1
$\begingroup$

Does anyone have an idea about the following exercises? I have tried both of them by using induction, but I haven't got it.

Prove that for every $k\in{\mathbb{N}}$, if $4k=m_1^2+\dots m_{3+k}^2$ with $m_1,\dots,m_{3+k}$ positive integers, then (up to change the order) $m_1=m_2=m_3=m_4=1$ and the rest of $m_i$ are equal to $2$. And, if $4k+2=m_1^2+\dots m_{2+k}^2$, then $m_1=m_2=1$ and the rest of $m_i$ are equal to $2$.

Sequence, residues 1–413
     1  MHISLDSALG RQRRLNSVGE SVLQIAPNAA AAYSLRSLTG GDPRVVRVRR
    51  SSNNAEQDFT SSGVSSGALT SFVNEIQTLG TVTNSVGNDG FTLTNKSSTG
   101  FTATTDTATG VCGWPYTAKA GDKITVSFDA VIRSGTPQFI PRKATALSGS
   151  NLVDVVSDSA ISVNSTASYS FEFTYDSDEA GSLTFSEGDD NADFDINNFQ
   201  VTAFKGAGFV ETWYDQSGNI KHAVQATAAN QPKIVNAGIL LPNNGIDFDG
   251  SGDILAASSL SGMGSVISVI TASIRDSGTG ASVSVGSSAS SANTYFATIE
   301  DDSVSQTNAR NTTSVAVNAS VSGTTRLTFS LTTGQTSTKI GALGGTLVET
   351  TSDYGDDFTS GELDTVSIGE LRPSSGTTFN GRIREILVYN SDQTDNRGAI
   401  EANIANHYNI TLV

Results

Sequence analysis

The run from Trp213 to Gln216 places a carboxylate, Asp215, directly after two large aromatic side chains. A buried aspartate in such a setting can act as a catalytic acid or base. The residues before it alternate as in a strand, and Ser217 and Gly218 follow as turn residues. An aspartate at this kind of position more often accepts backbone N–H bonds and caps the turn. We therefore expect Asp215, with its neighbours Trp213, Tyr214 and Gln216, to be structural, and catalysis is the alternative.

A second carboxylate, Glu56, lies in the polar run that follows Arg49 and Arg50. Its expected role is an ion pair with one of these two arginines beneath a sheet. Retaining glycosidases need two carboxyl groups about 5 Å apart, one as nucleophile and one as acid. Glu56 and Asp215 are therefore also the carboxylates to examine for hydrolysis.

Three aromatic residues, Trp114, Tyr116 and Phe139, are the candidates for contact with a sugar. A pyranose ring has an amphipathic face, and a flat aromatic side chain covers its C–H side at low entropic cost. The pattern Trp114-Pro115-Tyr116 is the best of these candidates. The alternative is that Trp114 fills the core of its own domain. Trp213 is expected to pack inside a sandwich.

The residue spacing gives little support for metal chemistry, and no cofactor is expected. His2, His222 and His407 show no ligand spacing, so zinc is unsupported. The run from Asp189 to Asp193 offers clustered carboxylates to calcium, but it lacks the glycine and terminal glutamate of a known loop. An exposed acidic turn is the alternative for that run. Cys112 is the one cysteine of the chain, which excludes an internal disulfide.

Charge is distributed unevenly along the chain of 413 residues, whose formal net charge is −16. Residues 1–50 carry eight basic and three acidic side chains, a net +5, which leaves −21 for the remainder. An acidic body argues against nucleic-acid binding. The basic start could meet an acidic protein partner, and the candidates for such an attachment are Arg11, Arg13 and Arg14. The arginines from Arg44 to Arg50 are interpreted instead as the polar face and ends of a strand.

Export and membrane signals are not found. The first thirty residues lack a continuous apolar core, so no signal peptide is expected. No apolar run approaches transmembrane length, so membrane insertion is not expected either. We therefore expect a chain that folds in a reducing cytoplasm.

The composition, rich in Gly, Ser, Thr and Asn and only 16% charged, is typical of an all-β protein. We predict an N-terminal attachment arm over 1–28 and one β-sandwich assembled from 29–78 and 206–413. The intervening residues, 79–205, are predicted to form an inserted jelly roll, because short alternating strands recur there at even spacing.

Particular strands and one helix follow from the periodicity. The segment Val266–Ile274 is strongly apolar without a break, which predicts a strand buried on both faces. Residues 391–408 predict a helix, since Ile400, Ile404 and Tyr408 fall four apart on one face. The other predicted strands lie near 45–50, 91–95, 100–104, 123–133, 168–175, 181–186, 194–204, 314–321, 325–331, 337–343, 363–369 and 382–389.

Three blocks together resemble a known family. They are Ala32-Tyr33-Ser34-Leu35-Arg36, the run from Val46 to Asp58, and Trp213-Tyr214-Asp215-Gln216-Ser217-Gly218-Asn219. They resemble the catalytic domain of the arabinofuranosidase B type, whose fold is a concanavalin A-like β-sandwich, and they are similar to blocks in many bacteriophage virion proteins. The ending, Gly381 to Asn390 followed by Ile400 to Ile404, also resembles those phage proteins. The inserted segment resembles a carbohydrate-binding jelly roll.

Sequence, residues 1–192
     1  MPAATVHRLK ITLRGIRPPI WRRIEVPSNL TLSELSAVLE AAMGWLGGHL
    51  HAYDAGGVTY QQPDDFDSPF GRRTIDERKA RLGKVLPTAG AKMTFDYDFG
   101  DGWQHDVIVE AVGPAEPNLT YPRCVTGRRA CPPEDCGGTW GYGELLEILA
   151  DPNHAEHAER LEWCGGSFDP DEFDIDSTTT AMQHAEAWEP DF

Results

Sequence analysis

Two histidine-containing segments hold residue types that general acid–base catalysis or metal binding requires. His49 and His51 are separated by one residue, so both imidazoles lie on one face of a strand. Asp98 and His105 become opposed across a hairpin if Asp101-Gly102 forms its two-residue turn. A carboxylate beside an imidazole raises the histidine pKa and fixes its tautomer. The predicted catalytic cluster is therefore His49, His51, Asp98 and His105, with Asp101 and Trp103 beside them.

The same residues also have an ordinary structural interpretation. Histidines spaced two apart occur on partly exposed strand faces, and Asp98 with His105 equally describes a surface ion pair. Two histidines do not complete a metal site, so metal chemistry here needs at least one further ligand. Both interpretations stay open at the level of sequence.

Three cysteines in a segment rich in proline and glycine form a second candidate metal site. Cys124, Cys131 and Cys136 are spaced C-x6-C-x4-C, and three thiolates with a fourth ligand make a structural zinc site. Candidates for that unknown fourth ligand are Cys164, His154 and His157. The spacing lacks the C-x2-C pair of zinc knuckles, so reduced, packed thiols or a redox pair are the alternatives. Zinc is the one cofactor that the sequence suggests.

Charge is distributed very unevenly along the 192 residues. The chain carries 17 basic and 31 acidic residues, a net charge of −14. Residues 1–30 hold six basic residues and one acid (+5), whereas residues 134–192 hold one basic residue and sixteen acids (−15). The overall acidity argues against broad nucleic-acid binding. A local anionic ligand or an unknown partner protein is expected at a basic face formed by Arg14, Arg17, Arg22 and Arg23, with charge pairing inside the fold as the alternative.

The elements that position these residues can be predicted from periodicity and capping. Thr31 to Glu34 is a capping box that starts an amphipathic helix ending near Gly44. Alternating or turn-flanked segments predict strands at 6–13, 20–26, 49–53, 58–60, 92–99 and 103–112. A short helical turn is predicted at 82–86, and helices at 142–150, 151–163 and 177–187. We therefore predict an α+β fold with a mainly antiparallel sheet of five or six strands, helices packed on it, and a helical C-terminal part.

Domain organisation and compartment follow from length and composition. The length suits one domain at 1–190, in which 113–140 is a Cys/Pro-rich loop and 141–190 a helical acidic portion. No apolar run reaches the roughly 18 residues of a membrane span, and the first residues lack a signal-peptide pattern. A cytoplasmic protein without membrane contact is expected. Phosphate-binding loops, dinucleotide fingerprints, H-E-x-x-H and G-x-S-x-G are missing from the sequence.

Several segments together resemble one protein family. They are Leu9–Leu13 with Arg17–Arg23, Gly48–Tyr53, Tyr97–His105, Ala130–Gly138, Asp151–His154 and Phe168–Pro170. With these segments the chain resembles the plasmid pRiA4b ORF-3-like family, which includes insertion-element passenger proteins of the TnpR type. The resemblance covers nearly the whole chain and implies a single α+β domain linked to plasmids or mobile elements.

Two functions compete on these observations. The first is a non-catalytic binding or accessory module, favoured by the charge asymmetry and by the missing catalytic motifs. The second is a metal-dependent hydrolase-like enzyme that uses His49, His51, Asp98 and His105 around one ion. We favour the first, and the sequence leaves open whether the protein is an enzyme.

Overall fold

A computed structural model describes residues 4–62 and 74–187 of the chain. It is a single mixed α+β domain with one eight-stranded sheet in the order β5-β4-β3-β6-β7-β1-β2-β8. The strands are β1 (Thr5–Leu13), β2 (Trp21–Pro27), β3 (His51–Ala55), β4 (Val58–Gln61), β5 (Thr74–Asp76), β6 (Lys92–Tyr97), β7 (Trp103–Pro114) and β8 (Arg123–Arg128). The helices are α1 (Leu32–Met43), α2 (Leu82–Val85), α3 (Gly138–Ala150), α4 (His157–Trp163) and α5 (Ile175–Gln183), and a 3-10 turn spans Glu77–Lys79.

$\endgroup$
  • $\begingroup$ Yes, thanks! I have edited it $\endgroup$ – boltic92 May 14 at 0:24
  • $\begingroup$ Thanks, I've just ready it $\endgroup$ – boltic92 May 14 at 0:28
1
$\begingroup$

They are not true. Note that $5\cdot 1+3\cdot 9=32=8\cdot 4$ so you can substitute five $1$s and three $3$s for eight $2$s. In particular, take $k=9$. You have $12$ numbers whose sum of squares is $36$. That can be four $1$s and eight $2$s (as the proposition says) or nine $1$s and three $3$s.

$\endgroup$

Your Answer

By clicking “Post Your Answer”, you agree to our terms of service, privacy policy and cookie policy

Not the answer you're looking for? Browse other questions tagged or ask your own question.